by Frank Sietzen "SpaceCast News Service"
Washington, DC - July 1, 1997 - Barring space junk and little green men America will celebrate its 221st Independence Day this Friday, with a tiny visitor, slightly larger than a beach ball, will literally bounce down onto the surface of Mars and begin a new era of low cost exploration of the Red Planet. The NASA Mars Pathfinder spacecraft, a three foot tall landing craft nestled inside a disc-shaped entry shield, will conclude a seven month cruise of the inner Solar System and streak across a darkened Mars atmosphere. If the craft's landing is successful, within hours three petals of the lander will unfurl, exposing both a base camp and a tiny microrover. Named Sojourner, the rover - about the size of a suitcase - will roll off of a ramp deployed by the lander and begin a week-long exploration of Mars' soils and rocks, guided by laser beams for eyes and with cameras in its front and back to give Earth-bound viewers their first-ever view of the surface of Mars from a moving platform.
The second of NASA's Discovery missions, Mars Pathfinder will demonstrate whether the trimmed-down space agency's "faster, better, cheaper" concept of sub-scale spacecraft will provide both engineers and scientists with the kind of results once generated by the more expensive spaceships of the previous age of space.
The Pathfinder craft, consisting of the rover, lander, and entry shield, was launched last December aboard a Delta II rocket from Cape Canaveral, Florida. Attached to the base of the saucer-shaped shield for the seven month flight has been a cruise stage containing instruments and control systems for the spacecraft. Friday morning at about noon Eastern Daylight Time, the disc-shaped shield will separate from the stage and begin a fiery descent through the Martian atmosphere. The planet below will be cloaked in nighttime darkness. As the disc speeds through the Martian night, it will end its 309 million mile trek from Cape Canaveral streaking through the sky at 16,600 mph. Then, a mortar at the base of the shield will fire to deploy a 40-ft parachute, breaking is fall towards the surface. The shield, its work protecting the lander from the searing heat of planetary entry complete, will fall away. Now comes the part of the Pathfinder's flight never before tried in space. Instead of riding a landing stage down to a soft touchdown, an assembly of automobile-style airbags will deploy around the lander, in essence enveloping the three-foot tall craft in an inflated cocoon. Just 100 feet above Mars, a burst from a solid fuel rocket will slow the craft so that it literally bounces down onto the surface at about 50 mph. Bouncing repeatedly - perhaps as high as 100 feet - as it comes to a rest.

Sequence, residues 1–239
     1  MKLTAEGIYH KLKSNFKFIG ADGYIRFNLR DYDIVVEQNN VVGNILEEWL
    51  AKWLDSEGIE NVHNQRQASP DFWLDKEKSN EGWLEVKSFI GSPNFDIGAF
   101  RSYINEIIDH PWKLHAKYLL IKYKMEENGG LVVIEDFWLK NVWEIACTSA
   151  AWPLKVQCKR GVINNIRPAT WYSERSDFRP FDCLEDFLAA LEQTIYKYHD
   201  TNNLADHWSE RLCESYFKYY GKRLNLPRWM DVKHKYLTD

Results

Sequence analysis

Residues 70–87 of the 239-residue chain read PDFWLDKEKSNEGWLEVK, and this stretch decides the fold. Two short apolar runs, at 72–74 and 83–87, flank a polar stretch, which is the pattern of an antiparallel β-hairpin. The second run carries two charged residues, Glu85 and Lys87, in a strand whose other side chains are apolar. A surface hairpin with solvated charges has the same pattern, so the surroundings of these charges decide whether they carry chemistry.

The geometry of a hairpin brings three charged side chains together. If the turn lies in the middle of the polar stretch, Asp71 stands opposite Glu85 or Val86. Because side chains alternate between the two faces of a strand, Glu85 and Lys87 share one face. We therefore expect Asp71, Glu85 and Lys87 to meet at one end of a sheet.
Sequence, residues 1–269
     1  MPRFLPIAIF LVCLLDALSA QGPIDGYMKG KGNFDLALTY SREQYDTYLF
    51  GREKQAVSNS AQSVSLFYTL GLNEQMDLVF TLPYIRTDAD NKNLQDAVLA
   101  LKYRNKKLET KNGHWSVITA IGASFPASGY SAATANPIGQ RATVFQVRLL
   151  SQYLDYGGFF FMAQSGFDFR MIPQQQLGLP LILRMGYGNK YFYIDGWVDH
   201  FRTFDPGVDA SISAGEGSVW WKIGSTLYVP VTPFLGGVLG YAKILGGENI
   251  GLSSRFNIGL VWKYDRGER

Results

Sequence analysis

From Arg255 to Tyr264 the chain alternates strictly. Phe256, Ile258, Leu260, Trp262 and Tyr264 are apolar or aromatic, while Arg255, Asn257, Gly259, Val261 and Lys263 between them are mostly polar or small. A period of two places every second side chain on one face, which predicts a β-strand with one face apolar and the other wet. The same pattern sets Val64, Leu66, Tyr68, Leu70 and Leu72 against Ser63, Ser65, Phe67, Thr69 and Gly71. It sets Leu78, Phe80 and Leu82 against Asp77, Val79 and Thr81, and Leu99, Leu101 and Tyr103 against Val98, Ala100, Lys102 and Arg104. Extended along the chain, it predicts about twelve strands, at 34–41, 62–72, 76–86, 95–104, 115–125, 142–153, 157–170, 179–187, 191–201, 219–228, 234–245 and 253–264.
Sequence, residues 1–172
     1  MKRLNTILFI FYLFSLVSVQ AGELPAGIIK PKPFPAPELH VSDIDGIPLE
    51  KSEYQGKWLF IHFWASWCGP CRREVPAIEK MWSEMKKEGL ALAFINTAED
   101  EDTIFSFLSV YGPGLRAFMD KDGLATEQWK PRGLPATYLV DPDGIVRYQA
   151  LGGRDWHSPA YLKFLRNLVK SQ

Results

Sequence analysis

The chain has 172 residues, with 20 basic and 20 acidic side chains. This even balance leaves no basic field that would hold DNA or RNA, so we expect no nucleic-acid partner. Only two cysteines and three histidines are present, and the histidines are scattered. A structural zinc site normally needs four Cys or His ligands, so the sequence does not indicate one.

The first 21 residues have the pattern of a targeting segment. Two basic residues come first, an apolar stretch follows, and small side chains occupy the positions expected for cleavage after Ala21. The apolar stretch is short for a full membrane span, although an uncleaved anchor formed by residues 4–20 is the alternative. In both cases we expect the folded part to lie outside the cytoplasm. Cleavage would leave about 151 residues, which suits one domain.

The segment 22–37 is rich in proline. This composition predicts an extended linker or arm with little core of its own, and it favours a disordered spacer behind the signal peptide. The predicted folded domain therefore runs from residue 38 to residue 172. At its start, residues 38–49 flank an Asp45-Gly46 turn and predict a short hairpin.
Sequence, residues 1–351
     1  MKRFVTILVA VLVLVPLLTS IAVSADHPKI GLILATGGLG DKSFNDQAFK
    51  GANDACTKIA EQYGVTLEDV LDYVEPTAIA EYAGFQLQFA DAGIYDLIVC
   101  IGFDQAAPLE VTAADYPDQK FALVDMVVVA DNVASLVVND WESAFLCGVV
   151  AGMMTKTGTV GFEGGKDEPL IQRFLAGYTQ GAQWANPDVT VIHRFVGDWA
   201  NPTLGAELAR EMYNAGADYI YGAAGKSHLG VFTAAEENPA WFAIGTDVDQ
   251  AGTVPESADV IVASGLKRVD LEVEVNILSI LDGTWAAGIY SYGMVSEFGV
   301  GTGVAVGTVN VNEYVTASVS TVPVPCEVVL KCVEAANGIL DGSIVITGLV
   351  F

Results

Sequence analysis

Three hours after touchdown - or "bouncedown" - the landing air bags will be deflated, and three petals will unfold, like a spring flower on Mars. At the center will be the lander's base camp complex of instruments and antennas, sending out the first detailed data about its landing site, the Ares Vallis ancient dried river bed. By now, it should be about 5pm Eastern time US. If NASA believes the craft to be in good shape, the first photos of the area around the lander will be taken by the lander's camera, and sent back to Earth. The first pictures should be available to NASA and the public around 7pm EDT US. If all looks safe, the space agency is expected to give approval to deploy a ramp leading off of the lander's petals. There, about midnight EDT US, the two foot long, one foot tall microrover named Sojourner will roll off of the lander and begin a week's worth of exploration of the Martian soil. Powered by solar energy, however, Sojourner will await the local sunset, which will occur about 2am July 5, EDT US, before resuming its explorations the next Martian "morning".
The rover will be capable of climbing over rocks and boulders, and will contain sensors to analyze the rocks and soils that it or its Earth-bound monitors deem of interest. The basecamp of the lander can operate for a Martian month of 24.6 hour days, the microrover about a week.
The Mars Pathfinder isn't the only Earth visitor headed for Mars. Next October, the Mars Surveyor is to swing into orbit for detailed analysis and mapping of the planet. Both the Pathfinder and Surveyor missions are looked at as precursor engineering tests to pave the way for a more ambitious roving mission that NASA may dispatch to Mars in 2001. On that future flight, descendants of Sojourner will extract a sample of Martian soil, and return it to Earth for study.
But for now, the first test of microrover concept is Pathfinder, drawing nearer to the Red Planet all the time. For the U.S. space program, though, landings on Mars on Independence Day isn't new. On July 4, 1976 Viking 1 did just that, beginning the exploration of Mars Pathfinder will continue.
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